The Tuileries Garden, reconfigured in 1666 by André Le Nôtre, is just north of the Louvre. In part due to recent changes there, and in part because of inherent problems of age and the evolving needs of the surrounding community, an international invited competition was staged to change the Tuileries from a royal court to a civic landscape and to create a new connection between the Louvre and the Tuileries. The MVVA scheme is an effort to refurbish Paris’s earliest public park and to create a garden for eighteen Aristide Maillol sculptures, preserving the historical importance of the garden while responding to contemporary needs of the city’s residents and visitors.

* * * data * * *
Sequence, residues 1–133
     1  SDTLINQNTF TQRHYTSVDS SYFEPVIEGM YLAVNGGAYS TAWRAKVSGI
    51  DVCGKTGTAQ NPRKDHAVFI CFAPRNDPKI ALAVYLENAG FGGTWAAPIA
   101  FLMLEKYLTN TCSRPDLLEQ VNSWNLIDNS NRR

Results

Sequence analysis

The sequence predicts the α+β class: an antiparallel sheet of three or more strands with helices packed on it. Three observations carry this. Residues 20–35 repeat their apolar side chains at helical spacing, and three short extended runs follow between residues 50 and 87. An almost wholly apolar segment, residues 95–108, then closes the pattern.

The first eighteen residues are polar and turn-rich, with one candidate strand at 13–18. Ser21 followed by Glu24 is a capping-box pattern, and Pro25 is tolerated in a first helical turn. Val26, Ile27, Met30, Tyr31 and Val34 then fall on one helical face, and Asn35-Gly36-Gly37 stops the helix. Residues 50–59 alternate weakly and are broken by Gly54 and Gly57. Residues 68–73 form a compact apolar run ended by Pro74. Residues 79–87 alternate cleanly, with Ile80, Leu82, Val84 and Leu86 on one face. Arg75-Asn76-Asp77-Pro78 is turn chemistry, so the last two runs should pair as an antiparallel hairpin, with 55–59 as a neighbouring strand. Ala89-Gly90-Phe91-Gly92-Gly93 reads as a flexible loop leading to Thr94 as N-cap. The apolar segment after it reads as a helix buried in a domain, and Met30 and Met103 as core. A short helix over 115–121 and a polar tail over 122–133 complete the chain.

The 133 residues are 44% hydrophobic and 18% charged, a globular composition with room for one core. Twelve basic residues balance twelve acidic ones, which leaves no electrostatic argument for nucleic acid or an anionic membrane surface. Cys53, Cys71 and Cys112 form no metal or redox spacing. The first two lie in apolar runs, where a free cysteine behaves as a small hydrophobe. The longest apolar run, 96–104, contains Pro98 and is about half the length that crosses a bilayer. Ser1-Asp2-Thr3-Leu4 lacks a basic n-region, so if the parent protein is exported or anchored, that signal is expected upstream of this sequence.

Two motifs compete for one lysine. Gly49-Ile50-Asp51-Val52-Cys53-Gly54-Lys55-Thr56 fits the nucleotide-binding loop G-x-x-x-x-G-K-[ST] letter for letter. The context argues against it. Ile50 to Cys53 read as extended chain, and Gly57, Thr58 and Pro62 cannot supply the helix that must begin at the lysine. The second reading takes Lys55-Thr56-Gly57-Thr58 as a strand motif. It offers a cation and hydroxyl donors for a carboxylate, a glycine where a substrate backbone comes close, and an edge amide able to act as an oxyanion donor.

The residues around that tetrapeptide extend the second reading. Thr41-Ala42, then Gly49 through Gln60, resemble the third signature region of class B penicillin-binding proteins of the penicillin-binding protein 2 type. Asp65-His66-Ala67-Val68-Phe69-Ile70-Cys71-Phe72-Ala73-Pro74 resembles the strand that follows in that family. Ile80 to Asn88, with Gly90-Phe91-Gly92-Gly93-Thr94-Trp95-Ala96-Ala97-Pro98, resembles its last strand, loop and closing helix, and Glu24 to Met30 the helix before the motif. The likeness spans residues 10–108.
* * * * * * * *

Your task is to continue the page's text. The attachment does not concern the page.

Since the destruction of the Tuileries Palace in 1871, the area between the Louvre’s Carrousel Gardens and the Tuileries had been unresolved. The design proposes a field of evergreen topiary cones arranged in a quincunx plan to provide spaces for the Maillol sculptures, and an experimental urban fish farm in the form of a long basin along the rue de Rivoli. The spiritual center of the plan is Le Notre’s series of Rooms of Light that chronical the changing seasons and times of day, located within the restored grand bosque of horse chestnut trees.